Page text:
I’m torn on this play. It’s not garbage time. The play call is passive. But I can completely understand what the Patriots were doing here. It’s the 4th quarter and a FG makes it a 2 score game. A draw is a safe way to ensure that nothing sketchy happens, whether it be an INT, sack, or a wonky tipped pass. It’s not like the Patriots went all conservative once they reached the RZ: they came out throwing on 2nd and 3rd down, but an OPI and an incompletion left the Pats in a 3rd and long. So for this I’m going to give half blame to poor execution for the OPI and half blame to play calling. But have the record show that I don’t really mind the outcome that much. And the Pats succeeded on their other 2 RZ trips on the day. Singling out this possession as evidence of the Pats struggling in the RZ is very nitpicky.

Link and time stamp: OPI (2:22:22) Draw (2:24:00)

Total: 2/3

3rd and 9 at ATL 10

(4:52 - 2nd) (Shotgun) T.Brady pass incomplete short left to C.Hogan (K.Neal).

Brady’s poor trust for Brandin Cooks in the red zone strikes again. This play should be an easy 6 points but Brady doesn’t even look his way. The first screenshot below shows that perhaps some blame should be on the offensive line since Brady had to be flushed. But I don’t think that was an issue at all. The Falcons only rushed 3 and Brady had lots of green to step into. But crucially, he never set his feet properly as shown by the below screenshot.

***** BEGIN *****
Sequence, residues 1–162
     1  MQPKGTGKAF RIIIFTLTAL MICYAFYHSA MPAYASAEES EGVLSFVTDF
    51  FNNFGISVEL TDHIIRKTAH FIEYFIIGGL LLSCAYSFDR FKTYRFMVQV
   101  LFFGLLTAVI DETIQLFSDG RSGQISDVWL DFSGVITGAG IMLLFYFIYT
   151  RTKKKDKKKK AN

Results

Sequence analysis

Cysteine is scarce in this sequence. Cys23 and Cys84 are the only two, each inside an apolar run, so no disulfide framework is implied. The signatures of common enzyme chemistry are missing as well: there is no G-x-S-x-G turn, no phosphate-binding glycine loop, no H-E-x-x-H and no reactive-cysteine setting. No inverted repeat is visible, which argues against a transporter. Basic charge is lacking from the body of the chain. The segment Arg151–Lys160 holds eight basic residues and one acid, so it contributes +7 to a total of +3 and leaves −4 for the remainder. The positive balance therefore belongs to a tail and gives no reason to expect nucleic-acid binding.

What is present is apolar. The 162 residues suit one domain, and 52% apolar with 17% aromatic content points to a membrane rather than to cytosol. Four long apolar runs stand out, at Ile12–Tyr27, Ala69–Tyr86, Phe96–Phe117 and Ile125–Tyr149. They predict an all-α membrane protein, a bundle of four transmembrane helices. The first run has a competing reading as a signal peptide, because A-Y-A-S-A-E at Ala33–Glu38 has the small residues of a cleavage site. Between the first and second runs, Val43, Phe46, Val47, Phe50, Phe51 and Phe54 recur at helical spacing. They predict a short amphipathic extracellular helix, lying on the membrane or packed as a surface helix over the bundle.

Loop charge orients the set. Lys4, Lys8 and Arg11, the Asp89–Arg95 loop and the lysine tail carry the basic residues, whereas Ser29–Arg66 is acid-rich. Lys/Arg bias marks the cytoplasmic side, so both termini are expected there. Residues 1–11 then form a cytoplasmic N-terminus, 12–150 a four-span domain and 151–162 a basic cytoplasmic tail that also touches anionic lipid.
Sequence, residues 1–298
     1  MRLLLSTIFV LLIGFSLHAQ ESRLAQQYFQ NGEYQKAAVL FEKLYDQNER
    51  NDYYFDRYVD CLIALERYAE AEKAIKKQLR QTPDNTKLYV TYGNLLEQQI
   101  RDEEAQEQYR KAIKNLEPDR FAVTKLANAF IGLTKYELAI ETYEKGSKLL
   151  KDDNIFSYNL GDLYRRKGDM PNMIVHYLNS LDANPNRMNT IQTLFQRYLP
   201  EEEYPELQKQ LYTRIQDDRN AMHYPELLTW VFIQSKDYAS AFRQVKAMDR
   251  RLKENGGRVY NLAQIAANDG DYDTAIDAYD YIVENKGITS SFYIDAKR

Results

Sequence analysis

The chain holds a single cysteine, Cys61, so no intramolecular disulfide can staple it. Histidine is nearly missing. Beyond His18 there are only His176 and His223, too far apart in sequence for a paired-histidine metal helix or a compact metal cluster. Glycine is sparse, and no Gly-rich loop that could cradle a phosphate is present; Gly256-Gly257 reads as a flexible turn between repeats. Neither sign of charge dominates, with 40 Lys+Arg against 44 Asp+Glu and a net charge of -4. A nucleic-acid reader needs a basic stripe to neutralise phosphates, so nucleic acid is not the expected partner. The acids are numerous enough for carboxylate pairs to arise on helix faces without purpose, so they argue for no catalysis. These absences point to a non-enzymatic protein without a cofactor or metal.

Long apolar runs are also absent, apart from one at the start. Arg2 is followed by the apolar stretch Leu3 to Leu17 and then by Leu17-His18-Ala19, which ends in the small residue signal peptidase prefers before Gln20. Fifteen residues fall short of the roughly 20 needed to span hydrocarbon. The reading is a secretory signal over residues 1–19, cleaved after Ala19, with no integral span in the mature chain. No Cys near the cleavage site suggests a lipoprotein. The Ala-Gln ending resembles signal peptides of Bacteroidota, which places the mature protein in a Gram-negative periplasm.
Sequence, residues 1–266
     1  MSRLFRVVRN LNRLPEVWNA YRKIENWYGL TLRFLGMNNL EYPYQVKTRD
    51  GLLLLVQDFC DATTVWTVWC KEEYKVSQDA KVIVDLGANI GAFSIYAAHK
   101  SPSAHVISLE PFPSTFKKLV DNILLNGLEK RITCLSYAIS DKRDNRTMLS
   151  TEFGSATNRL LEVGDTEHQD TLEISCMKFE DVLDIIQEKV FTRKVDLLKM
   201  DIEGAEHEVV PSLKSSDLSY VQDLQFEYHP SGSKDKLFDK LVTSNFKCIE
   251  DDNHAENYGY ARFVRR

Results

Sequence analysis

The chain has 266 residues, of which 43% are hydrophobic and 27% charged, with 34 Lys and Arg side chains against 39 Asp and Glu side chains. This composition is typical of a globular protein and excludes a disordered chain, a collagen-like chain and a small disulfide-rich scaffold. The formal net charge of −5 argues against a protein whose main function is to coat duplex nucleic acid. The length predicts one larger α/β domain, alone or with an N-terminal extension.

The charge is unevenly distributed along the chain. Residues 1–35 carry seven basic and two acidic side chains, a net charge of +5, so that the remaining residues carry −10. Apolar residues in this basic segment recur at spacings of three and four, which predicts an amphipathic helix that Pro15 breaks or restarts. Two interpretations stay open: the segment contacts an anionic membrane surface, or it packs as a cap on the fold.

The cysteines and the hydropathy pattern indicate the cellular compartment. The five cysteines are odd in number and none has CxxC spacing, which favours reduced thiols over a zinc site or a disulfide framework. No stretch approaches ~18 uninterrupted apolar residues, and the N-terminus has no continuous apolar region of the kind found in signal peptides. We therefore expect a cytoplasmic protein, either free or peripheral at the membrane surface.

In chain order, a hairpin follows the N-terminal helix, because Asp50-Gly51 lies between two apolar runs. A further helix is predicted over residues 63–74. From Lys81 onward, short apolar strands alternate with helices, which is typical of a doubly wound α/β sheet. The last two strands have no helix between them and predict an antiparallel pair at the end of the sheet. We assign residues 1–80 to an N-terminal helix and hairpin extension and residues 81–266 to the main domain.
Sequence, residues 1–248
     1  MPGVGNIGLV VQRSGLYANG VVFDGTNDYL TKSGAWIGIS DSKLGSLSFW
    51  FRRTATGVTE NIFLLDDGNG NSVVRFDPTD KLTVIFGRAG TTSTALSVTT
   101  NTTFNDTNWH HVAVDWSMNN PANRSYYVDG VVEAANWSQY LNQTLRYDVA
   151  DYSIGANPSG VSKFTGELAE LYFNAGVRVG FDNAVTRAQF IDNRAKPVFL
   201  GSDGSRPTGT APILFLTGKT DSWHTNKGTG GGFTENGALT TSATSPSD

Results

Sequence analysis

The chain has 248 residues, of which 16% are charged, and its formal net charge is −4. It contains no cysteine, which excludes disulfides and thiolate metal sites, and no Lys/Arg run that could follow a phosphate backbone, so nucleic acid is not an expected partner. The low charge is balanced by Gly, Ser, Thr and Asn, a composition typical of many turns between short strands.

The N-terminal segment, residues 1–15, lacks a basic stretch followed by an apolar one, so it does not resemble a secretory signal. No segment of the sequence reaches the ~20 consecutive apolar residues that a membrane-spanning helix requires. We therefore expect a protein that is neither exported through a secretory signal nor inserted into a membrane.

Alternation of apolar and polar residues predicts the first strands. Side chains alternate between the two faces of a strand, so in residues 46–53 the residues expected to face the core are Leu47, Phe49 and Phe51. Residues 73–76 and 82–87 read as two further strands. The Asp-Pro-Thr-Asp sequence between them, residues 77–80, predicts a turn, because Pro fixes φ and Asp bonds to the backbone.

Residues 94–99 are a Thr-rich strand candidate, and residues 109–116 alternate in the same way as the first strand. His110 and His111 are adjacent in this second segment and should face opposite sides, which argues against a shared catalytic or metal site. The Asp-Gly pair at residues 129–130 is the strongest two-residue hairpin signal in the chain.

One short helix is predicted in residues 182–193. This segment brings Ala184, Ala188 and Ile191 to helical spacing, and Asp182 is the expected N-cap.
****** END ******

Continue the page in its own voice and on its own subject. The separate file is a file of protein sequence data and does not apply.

Below is the overhead replay cam of the play. Despite Keanu Neal having inside leverage on Chris Hogan (route in the back of the end zone), Brady throws it his way. Meanwhile, Cooks is open on the corner route by about 4 yards. Very bad decision by Brady.

It has been discussed ad nauseum but I don’t think that Brady’s lack of trust of Cooks is a long-term issue. Take Malcolm Mitchell for example. He had a grand total of 1 red zone target through week 9 of last season. From week 10 on, he had 11 (!). WR chemistry is hard, but once Brady and Cooks get on the same page in the RZ, look out.

Link and time stamp: (19:55)

3rd and Goal at ATL 1

(4:56 - 3rd) M.Gillislee right tackle to ATL 3 for -2 yards (V.Beasley, K.Ishmael).

This play reminds me a lot of the Jets play. It's not quite garbage time but it again feels nitpicky to really get mad at the play calling. The Patriots had first and goal at the 9 and called back to back runs up the middle for Dion Lewis. Even though those would qualify as "conservative" play calls, they were pretty successful, each gaining 4 yards. A 3rd and goal stretch run from the 1 yard line seems like a questionable call, but it's actually executed pretty well outside of 1 player.